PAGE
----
A lively college town in Northwest Indiana, Lafayette has a population that swells during the semester thanks to Purdue University.
The city was founded in 1825 and quickly prospered as a river town, with more than a dozen boats docking each day and spawning a bustling commercial area on the riverfront.
Much of the architecture constructed at that time is still standing, lending Lafayette’s three downtown areas a lot of character, heightened by their unique stores, restaurants and sense of fun.
You can uncover all sorts of local stories around Lafayette, going back 300 years to the days of French fur trappers, which is celebrated with the popular Feast of the Hunters’ Moon every October.
1. Downtown Lafayette
At the heart of the Lafayette-West Lafayette metro area is a cross-river downtown area, linked by a pedestrian bridge and made up of three distinct and equally intriguing areas.
West to east, these are Chauncey Village by the Purdue campus in West Lafayette, the Wabash Riverfront and then Arts & Market further along Main Street.
All are enlivened by the presence of the Purdue campus close by, and all abound with a diversity of independent stores, dynamic nightlife, culture and dining options for all tastes.
On a stroll you can also take in plentiful brick and stone buildings from the 19th and early 20th century.
One of the many monuments to behold is the Long Center for the Performing Arts, an old vaudeville stage from 1921, now a majestic performing arts center for the symphony and theater.
If you’re curious about the history of the city you can download an architecture tour from the Lafayette-West Lafayette tourism site.
2. Haan Museum of Indiana Art
The largest collection of Indiana art in the world can be found at this museum in Lafayette, in a grand Colonial Revival mansion dating to 1904.
This building was the Connecticut building for the Louisiana Purchase Exposition of that same year and was relocated to Lafayette when the fair ended.
The Haan Museum’s collections are particularly strong for Hoosier Group Impressionist art, with works by William Forsyth, Richard Gruelle, J. Ottis Adams, Otto Stark and TC Steele.
The permanent exhibit has a rotating display of more than 60 paintings by Indiana’s foremost artists, as well as sumptuous pieces by key contemporary and historic ceramic artists.
You can also marvel at Indiana craftsmanship, with a giant display of furniture, as well as glasswork, architectural details, sculpture and much more.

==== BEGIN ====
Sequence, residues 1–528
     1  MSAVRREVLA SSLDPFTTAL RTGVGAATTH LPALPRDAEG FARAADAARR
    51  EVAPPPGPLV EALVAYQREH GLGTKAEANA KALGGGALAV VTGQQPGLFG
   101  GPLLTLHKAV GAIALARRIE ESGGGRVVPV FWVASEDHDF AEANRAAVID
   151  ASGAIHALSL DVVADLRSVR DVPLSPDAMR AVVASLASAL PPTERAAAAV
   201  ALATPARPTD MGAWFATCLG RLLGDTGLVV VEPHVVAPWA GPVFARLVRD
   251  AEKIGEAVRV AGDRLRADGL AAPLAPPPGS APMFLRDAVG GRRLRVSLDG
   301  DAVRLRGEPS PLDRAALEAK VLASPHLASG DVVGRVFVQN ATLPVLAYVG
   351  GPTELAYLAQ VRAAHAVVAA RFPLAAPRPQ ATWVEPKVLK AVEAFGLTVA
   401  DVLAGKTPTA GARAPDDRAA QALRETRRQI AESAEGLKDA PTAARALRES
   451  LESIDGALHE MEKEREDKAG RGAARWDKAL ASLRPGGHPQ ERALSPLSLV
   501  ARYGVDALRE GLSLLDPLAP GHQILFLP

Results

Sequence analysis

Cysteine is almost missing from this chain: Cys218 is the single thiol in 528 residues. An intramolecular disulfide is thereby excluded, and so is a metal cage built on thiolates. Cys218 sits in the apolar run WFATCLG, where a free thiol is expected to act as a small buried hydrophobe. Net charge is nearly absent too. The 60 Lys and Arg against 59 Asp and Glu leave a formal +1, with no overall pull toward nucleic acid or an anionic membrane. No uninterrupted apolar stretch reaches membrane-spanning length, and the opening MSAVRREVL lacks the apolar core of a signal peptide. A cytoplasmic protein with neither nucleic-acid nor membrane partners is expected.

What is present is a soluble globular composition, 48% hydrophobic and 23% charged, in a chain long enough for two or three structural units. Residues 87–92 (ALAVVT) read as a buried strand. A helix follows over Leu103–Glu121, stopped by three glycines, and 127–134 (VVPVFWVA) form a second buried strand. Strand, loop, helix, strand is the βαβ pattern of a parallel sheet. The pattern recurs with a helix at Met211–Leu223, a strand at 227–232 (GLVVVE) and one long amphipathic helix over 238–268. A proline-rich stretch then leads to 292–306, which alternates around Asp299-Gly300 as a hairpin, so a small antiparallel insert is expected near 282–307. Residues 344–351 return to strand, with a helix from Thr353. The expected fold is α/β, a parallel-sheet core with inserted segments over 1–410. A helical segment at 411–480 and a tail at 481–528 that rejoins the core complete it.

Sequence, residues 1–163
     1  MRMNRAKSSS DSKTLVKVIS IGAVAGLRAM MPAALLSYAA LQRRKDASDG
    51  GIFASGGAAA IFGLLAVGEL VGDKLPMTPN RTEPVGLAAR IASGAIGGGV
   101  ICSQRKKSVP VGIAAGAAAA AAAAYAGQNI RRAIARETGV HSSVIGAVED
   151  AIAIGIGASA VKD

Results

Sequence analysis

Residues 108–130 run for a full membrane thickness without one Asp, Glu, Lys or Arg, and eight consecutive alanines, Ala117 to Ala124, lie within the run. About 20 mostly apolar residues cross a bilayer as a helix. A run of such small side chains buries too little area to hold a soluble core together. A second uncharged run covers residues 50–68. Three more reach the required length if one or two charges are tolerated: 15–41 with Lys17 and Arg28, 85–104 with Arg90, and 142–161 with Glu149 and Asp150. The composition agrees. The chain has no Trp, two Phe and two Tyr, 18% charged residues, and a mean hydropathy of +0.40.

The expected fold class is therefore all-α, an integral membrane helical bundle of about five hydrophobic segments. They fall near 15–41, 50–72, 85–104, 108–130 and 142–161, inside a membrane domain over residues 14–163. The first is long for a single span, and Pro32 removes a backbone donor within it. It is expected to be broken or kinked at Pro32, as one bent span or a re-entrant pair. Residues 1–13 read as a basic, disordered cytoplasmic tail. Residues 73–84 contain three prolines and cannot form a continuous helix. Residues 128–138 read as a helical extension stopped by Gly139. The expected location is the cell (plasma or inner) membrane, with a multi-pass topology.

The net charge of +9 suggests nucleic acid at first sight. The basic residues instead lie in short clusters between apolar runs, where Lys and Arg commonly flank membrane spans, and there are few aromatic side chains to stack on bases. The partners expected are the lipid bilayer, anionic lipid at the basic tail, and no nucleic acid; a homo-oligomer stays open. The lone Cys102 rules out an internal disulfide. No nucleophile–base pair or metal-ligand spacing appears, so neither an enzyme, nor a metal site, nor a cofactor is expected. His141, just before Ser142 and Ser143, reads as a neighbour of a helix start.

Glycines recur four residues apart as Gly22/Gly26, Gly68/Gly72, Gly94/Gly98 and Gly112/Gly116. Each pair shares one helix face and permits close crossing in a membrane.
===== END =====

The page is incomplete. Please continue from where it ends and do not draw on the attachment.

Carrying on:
The grounds are a treat, with more than 20 pieces in the sculpture garden, and a one-mile with 30 species of trees native to Indiana, all carefully labeled.
3. Purdue University
Directly across the Wabash River in West Lafayette is Purdue University, dating back to 1869 and counting Neil Armstrong among its alumni.
The campus is a day out in its own right, and you can head for the university’s Welcome Center, set in the Stewart Center, or the Admissions office, to pick a booklet for a self-guided tour.
Outside of lecture and class sessions, the campus buildings are open to the public, and there are ten essential stops to make, including the Art Deco Elliott Hall of Music (1940) and the statue of the original benefactor, industrialist John Purdue (1802-1876).
There are two art galleries to check out, the Robert L. Ringel Gallery in Stewart Center and the Patti and Rusty Rueff Gallery, in the Yue-Kong Pao Hall of Visual and Performing Arts.
Sports-wise Purdue is the founder of the Big Ten Conference, and you can see the Boilermakers in action at venues like the 14,804-capacity Mackey Arena and the Ross–Ade Stadium, which holds 57,236.
4. Columbian Park Zoo
If you’re in Lafayette with family in summer, there’s a super midsize zoo open at Columbian Park, mid-April to mid-October.
Open since 1908, this attraction has close to 200 animals from around 100 species, and is constantly adding new structures and exhibits.
Among the more recent arrivals there’s Wallaby Walkabout, the Galapagos Tortoise Exhibit and the North American River Otter Exhibit.
One long-standing building is the Animal House, which has been here since 1928, sitting next door to The Butterfly Garden, which has a walk-through section with numerous North American butterfly species.
The Family Farm meanwhile has llamas, chickens, a pot-bellied pig, a miniature horse and rabbits, as well as goats that can be fed for a small fee.